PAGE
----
Charlotte Dome questions

Search
Go

Discussion Topic

Return to Forum List
Post a Reply
Messages 1 - 34 of total 34 in this topic
rockermike

Mountain climber
Topic Author's Original Post - May 30, 2009 - 12:03pm PT
Thinking of giving Charlotte a try. Questions;
Is it too early (snow pack or wet rock)?
If coming from Bay Area, is it easier to approach from west or east (taking drive into account).
Any tricks to finding beginning of route? I've heard its tricky.
Any other useful info?
Anyone have photos that would help find and follow the route?

thanks in advance
Dapper Dan

climber
Menlo Park
May 30, 2009 - 12:49pm PT


this is the start of the route .

I dont think it is too hard to find. Just keep traversing around the base of the dome and you will get to it . The supertopo was fairly accurate. The approach is pretty long overall , but not too hard.
del cross

climber
May 30, 2009 - 01:29pm PT
Driving times from the bay area are a wash.

The west approach is shorter and steeper. The east approach has that cool campsite but you've got a long haul to get back to your car.

Go west.
Joe

Social climber
Santa Cruz Mountains/Los Gatos
May 30, 2009 - 03:22pm PT
a number of years ago when we did the route, we went in from the west and stayed at the campground. very pleasant hike in and you can do some cragging near the car before starting your hike.

but if you choose the west approach and stay at the campground, be aware that the bears are quite aggressive, and your sleep may be interrupted. there is a bear box at the campground, which should tell you something.
Radish

Trad climber
Seki, California
May 30, 2009 - 06:16pm PT
Have been working a Prescribed burn at Roaring River, down in Cedar Grove all week. Lots of wind and some rain today, almost all day. It looks like Charlotte Dome might be ready to go, but if you wait another week, it will be better.The burn is done so there won't be any smoke. The Kings river is all white and just running like crazy, looks like class 8......................
Sean Jones

climber
May 30, 2009 - 09:16pm PT
Ask Doug Robinson for info on this. He can probly help you alot.

Sean Jones.
murse

Trad climber
San Clemente
May 31, 2009 - 12:56am PT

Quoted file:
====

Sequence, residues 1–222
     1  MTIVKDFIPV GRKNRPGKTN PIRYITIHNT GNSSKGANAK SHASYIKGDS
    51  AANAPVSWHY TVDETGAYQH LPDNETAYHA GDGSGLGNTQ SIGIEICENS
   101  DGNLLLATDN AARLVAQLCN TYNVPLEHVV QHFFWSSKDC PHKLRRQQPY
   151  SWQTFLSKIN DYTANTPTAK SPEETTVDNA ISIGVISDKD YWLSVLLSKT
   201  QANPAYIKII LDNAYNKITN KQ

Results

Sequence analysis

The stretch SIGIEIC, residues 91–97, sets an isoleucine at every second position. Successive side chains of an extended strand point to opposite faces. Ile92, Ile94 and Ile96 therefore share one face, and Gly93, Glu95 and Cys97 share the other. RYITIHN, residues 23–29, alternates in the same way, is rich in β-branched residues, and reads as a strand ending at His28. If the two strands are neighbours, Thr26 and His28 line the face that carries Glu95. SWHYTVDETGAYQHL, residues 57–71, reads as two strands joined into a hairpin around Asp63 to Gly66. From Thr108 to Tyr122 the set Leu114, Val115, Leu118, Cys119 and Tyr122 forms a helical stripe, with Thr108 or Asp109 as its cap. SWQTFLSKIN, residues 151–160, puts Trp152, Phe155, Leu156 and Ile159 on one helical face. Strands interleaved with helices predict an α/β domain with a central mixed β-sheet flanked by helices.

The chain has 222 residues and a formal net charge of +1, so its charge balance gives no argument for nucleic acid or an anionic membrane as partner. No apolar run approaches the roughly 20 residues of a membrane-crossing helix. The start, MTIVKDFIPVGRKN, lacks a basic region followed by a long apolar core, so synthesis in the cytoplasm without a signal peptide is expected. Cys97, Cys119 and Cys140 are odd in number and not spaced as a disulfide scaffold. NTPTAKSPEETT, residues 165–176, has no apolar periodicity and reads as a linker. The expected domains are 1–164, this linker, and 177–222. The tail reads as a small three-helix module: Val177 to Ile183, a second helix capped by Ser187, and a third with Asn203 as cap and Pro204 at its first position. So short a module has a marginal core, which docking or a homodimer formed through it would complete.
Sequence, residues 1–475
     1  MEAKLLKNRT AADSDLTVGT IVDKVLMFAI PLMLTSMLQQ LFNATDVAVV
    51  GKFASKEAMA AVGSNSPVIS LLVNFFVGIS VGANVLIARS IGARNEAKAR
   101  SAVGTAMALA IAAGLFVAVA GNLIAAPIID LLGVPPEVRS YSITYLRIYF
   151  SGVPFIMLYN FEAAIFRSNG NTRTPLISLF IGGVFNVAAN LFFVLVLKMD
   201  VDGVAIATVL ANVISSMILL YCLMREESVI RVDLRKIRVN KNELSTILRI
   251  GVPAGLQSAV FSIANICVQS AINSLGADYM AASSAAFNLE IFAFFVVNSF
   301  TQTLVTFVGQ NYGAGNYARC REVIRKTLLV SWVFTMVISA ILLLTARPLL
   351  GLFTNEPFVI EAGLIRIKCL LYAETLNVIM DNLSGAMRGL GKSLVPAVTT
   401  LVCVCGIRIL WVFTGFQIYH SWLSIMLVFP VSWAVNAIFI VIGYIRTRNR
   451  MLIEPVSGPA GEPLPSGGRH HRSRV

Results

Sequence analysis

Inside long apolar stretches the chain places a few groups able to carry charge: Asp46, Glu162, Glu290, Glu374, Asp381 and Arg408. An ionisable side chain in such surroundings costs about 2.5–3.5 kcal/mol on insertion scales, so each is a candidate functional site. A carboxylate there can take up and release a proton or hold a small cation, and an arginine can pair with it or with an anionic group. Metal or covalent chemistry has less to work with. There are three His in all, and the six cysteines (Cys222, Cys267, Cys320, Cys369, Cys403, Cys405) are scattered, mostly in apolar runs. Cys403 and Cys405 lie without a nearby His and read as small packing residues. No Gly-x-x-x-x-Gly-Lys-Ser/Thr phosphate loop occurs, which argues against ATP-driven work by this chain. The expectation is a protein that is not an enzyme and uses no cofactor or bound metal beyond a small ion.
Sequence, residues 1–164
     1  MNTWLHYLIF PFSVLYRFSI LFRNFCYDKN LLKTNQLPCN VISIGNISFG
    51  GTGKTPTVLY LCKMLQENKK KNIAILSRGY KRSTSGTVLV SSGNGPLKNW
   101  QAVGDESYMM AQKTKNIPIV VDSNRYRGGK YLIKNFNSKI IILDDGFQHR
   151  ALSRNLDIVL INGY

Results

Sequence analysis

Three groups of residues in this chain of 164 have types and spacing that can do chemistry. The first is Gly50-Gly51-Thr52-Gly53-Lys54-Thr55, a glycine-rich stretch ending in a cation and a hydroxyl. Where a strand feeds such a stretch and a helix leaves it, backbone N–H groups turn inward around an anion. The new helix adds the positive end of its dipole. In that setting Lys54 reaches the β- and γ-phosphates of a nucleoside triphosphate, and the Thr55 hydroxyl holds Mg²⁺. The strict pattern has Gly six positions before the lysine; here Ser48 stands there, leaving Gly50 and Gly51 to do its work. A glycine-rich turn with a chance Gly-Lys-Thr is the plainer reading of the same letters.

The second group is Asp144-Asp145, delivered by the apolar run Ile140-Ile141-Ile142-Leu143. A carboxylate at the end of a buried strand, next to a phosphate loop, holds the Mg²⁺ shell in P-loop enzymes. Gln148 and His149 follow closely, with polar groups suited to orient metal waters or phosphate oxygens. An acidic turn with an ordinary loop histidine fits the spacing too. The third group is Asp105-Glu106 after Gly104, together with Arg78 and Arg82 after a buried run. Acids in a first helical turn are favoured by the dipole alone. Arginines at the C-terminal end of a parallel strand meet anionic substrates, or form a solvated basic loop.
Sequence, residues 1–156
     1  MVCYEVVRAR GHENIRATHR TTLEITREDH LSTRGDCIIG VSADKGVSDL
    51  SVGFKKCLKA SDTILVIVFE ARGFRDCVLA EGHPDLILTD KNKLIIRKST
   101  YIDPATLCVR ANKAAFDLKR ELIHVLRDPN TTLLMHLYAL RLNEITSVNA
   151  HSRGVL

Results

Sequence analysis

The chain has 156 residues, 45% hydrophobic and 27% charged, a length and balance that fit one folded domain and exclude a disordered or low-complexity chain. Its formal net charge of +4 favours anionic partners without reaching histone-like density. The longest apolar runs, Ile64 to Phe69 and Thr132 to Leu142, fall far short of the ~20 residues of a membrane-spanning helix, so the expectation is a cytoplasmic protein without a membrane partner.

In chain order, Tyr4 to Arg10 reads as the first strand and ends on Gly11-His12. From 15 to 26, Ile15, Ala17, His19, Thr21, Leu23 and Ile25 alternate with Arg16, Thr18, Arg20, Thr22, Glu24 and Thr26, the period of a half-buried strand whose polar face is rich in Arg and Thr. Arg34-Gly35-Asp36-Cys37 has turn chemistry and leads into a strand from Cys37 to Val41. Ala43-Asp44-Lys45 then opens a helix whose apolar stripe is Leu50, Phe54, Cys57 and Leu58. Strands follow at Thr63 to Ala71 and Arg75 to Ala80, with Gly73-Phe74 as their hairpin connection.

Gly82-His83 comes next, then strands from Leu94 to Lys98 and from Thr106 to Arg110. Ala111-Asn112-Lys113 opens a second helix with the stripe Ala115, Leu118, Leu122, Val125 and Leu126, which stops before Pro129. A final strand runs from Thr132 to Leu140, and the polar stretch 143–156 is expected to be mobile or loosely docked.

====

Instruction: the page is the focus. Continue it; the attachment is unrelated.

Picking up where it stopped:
bump, as i'm going up there in 6 weeks. that photo looks like the start of 4th class scrambling, is that the start of climbing?
Dapper Dan

climber
Menlo Park
May 31, 2009 - 09:36am PT
to the south face route it is .

it is a little steeper than it looks i think .
Les

Trad climber
Brooklyn
Jun 15, 2009 - 10:40am PT
How's the 40' runout climbing on P9? Pretty featured/secure friction? Or pure slab?
ec

climber
ca
Jun 15, 2009 - 11:37am PT
40' ?

Small wireds may shorten that #.

Don't go there if you have to ask...to long of a walk to get shut down w/ no rap route.
ec

climber
ca
Jun 15, 2009 - 01:16pm PT
at least I clued you in on some pro...and I guess you didn't view the photo...'pure friction' I think knott, but Les featured than the rest...

 ec
mongrel

Trad climber
Truckee, CA
Jun 15, 2009 - 01:18pm PT
Climb is probably dry all winter even, but you'd have to ski a long ways. I'd recommend the west approach, especially from the Bay. We found the route extremely easily just from the old text description, so no problem. And if you wander around a bit, so what, the rock is so featured and with abundant corners and easy faces that you could go just about anywhere. Just go up and you'll be fine. No wiggy slab anywhere high up; tons of large features, really fun. Half the pitches are probably cl. 4; we could only find the one 5.7 (but slightly PG/R) pitch. People car-to-carred it casually the same day we climbed it (which was late Oct or early Nov - last weekend the road was open; short days).

Word to the wise is, bring a bunch of slings and your Tricams, they work great in that rock. SINK THE PINK!
Les

Trad climber
Brooklyn
Jun 15, 2009 - 02:10pm PT
ec - I don't climb much friction in these parts, though it is available in abundance on Whitehorse Ledge. And I've climbed plenty of friction in North Carolina. What I know from experience about friction is that it's not all created equal, and that it's generally (especially at 5.8 and under) mostly a head game. So my inquiry was aimed at gauging how much time I should spend running it out up at Whitehorse before this trip to get my friction head straight. When you haven't climbed friction in a while, and you're used to pulling down on say, horizontals at the Gunks, it takes some getting re-acquainted with. Not that I should have to explain myself when posting a simple, good faith request for little honest information.


BW

climber